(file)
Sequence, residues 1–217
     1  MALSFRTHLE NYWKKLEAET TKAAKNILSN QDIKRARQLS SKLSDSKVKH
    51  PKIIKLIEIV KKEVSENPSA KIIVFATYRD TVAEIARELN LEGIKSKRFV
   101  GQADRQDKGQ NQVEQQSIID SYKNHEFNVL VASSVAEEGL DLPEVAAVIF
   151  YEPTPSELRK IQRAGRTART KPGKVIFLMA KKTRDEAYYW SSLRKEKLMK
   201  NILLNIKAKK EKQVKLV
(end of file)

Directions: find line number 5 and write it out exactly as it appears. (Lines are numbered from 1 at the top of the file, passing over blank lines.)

   151  YEPTPSELRK IQRAGRTART KPGKVIFLMA KKTRDEAYYW SSLRKEKLMK